Chinese State Councilor Yang Jiechi replied by saying that Western nations don't represent global public opinion and called the USA the "champion" of cyber-attacks.
The meetings in Anchorage were a new test in increasingly troubled relations between the two countries, which are at odds over a range of issues from trade to human rights in Tibet, Hong Kong and China's western Xinjiang region, as well as about Taiwan, China's assertiveness in the South China Sea and the coronavirus pandemic.
At the Alaska meeting, Blinken affirmed US solidarity with its allies in pushing back against China's increasing efforts to spread its authoritarian mode of government through political and economic pressure.
Mr Blinken had pledged to raise the issue, his State Department having upheld a Trump administration determination that Beijing was perpetrating genocide in Xinjiang, something China vehemently denies.
Blinken said the USA will discuss "deep concerns with actions by China, including Xinjiang", "genocide" against Uyghur Muslims including dialogue on "Hong Kong, Taiwan, cyberattacks on the United States, economic coercion toward our allies".
Mr Sullivan hit back, saying Washington did not seek a conflict with China, but added: "We will always stand up for our principles for our people, and for our friends".
"United States side was not even qualified to say such things, even 20 years or 30 years back, because this is not the way to deal with the Chinese people".
Mr Yang responded angrily by demanding the U.S. stop pushing its own version of democracy at a time when the United States itself has been roiled by domestic discontent.
"Each of these actions threaten the rules-based order that maintains global stability".
Chinese Communist Party foreign affairs chief Yang Jiechi.
He went on to say: "Director, state counselor, given your extended remarks, permit me please to add just a few of my own before we get down to work".
"Many people within the United States actually have little confidence in the democracy of the United States".
Blinken said Washington hoped to see China use its influence with North Korea to persuade it to give up its nuclear weapons.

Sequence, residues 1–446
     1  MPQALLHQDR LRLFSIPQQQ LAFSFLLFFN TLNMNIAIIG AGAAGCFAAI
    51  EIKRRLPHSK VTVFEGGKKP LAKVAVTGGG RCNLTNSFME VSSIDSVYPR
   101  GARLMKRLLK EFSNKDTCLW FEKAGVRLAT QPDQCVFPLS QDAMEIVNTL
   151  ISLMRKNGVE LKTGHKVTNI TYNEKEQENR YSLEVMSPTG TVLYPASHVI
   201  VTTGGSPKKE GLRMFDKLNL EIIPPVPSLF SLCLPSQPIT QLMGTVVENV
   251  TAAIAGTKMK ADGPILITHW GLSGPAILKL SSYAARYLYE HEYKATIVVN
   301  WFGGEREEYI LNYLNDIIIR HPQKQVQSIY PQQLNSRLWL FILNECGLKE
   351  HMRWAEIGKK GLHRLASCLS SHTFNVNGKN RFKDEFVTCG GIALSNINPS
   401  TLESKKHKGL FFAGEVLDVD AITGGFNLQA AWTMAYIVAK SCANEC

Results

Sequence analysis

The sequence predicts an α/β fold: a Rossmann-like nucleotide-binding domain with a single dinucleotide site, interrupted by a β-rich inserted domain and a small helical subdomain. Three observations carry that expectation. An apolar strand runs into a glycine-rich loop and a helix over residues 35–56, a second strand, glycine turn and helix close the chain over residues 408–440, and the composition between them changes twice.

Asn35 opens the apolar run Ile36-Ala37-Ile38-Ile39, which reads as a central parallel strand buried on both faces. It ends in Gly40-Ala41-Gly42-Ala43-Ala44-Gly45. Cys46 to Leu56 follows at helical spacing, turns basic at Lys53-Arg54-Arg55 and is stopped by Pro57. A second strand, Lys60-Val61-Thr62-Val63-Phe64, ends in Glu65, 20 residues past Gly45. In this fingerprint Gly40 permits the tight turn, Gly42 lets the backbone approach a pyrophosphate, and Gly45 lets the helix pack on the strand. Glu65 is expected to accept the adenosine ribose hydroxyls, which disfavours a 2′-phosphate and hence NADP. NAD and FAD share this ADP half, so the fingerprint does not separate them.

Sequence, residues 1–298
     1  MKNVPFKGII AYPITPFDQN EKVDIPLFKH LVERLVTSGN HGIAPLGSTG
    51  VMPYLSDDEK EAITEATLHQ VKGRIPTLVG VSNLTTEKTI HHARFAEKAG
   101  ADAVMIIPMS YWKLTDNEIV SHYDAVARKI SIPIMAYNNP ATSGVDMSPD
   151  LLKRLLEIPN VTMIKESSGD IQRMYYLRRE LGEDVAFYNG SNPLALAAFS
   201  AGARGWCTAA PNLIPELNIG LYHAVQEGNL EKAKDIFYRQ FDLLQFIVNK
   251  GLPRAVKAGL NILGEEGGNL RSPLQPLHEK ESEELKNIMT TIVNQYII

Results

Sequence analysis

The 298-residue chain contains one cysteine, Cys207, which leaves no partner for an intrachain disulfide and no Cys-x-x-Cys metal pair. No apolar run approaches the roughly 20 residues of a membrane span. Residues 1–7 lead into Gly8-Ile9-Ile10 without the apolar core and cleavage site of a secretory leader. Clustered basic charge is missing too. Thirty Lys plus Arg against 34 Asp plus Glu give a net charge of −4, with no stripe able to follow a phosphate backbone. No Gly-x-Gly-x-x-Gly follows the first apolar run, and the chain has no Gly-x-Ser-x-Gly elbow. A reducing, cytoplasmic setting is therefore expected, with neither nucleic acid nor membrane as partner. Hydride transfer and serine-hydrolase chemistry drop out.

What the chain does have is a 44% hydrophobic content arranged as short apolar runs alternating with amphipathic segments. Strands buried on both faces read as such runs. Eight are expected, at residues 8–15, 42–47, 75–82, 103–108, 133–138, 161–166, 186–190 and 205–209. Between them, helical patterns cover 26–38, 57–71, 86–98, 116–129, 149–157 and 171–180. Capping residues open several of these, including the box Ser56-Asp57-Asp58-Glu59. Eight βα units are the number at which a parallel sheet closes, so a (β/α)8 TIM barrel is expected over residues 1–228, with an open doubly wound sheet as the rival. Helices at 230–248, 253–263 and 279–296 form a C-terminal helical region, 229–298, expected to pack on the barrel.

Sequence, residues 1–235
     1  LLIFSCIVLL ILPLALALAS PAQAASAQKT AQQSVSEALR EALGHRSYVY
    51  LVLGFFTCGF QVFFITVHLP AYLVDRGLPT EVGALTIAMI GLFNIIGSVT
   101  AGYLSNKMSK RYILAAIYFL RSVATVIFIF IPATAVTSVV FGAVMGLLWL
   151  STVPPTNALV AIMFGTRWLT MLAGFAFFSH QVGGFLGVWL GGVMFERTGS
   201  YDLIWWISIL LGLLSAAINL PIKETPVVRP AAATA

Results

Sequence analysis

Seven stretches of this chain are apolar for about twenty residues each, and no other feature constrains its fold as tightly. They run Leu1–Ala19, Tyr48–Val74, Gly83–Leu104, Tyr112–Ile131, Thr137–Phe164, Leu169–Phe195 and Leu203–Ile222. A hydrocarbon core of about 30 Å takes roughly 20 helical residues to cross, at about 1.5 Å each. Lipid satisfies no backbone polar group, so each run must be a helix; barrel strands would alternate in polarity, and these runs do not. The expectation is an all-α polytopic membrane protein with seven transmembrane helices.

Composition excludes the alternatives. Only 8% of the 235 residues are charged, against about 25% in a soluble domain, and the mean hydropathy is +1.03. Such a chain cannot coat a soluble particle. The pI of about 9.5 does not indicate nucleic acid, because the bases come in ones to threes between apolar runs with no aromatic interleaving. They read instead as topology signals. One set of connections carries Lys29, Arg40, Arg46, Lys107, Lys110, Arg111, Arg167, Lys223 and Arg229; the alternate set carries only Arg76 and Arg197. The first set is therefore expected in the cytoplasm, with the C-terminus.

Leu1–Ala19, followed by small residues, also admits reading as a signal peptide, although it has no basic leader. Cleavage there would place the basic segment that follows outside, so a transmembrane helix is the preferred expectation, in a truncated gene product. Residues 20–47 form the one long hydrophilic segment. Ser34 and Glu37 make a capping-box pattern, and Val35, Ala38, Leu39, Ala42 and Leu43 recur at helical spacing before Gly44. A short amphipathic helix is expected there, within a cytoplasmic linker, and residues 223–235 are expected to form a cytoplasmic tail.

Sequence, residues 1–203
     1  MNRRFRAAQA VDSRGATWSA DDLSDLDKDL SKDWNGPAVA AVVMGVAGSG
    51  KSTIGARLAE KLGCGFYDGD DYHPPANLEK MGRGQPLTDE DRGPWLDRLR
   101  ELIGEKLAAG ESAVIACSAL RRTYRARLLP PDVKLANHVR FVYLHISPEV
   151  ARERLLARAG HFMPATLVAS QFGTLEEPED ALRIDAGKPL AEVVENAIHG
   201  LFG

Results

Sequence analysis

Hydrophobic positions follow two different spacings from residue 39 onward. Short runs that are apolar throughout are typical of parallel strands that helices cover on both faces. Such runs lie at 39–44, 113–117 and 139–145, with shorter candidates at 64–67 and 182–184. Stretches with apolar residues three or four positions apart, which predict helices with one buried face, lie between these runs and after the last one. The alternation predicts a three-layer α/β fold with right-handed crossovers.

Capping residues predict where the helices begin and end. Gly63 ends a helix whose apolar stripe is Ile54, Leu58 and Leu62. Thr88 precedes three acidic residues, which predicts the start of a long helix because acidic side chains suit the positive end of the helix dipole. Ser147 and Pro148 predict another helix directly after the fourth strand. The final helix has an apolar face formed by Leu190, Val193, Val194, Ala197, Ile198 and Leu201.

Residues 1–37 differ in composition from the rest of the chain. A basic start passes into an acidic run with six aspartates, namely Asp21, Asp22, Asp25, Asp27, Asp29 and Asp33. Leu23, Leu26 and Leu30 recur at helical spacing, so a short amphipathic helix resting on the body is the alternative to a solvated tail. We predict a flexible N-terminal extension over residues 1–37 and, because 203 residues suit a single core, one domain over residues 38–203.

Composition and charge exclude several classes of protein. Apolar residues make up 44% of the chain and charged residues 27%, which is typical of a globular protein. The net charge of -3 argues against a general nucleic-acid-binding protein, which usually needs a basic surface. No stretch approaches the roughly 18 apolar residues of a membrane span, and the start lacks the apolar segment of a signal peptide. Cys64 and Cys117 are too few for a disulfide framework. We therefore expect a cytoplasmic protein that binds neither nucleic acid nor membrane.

"'There is no way to strangle China", he said.
Apparently taken aback by Mr Yang's remarks, Mr Blinken held journalists in the room so he could respond.
China is also pushing back against what it sees as USA naval encroachment in the South China Sea, which Beijing considers Chinese territory.
Tony Blinken has been Secretary of State for two months.
"I'm hearing deep satisfaction that the United States is back, that we're reengaged", Mr Blinken retorted.
According toCNN, the Chinese had accused the other side of being "condescending", while a USA official said the representatives from Beijing seemed "intent on grandstanding".
"America's approach will be undergirded by confidence in our dealing with Beijing - which we are doing from a position of strength - even as we have the humility to know that we are a country eternally striving to become a more flawless union", it said.
Before taking office, US President Joe Biden had been attacked by Republicans who feared his administration would take too soft an approach with China.
During the acrimonious exchange, both the Chinese and USA teams repeatedly called reporters into the room to add remarks, according to reporters present during the meeting.
Mr Yang questioned Mr Blinken on Thursday about whether the sanctions were announced ahead of the meeting on goal.
China firmly opposes USA interference in what it regards as its internal affairs, issues such as Taiwan, Hong Kong and Xinjiang.
On the eve of the talks, Beijing had presaged what would be a contentious meeting, with its ambassador to Washington saying the United States was full of illusions if it thinks China will compromise.